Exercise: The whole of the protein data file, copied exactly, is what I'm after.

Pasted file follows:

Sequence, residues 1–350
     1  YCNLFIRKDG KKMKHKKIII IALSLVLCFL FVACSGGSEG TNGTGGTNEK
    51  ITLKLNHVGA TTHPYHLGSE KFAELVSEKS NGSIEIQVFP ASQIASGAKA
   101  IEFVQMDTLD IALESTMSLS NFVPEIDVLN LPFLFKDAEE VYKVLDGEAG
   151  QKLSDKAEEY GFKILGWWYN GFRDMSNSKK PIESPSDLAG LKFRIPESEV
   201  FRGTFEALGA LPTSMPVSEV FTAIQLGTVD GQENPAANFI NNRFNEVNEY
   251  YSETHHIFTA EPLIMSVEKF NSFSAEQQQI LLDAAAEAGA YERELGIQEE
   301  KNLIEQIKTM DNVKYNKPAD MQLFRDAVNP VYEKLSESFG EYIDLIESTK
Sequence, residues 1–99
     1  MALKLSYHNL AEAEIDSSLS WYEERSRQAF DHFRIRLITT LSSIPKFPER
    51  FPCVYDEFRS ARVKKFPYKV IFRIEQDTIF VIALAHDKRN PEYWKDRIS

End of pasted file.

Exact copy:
Sequence, residues 1–350
     1  YCNLFIRKDG KKMKHKKIII IALSLVLCFL FVACSGGSEG TNGTGGTNEK
    51  ITLKLNHVGA TTHPYHLGSE KFAELVSEKS NGSIEIQVFP ASQIASGAKA
   101  IEFVQMDTLD IALESTMSLS NFVPEIDVLN LPFLFKDAEE VYKVLDGEAG
   151  QKLSDKAEEY GFKILGWWYN GFRDMSNSKK PIESPSDLAG LKFRIPESEV
   201  FRGTFEALGA LPTSMPVSEV FTAIQLGTVD GQENPAANFI NNRFNEVNEY
   251  YSETHHIFTA EPLIMSVEKF NSFSAEQQQI LLDAAAEAGA YERELGIQEE
   301  KNLIEQIKTM DNVKYNKPAD MQLFRDAVNP VYEKLSESFG EYIDLIESTK
Sequence, residues 1–99
     1  MALKLSYHNL AEAEIDSSLS WYEERSRQAF DHFRIRLITT LSSIPKFPER
    51  FPCVYDEFRS ARVKKFPYKV IFRIEQDTIF VIALAHDKRN PEYWKDRIS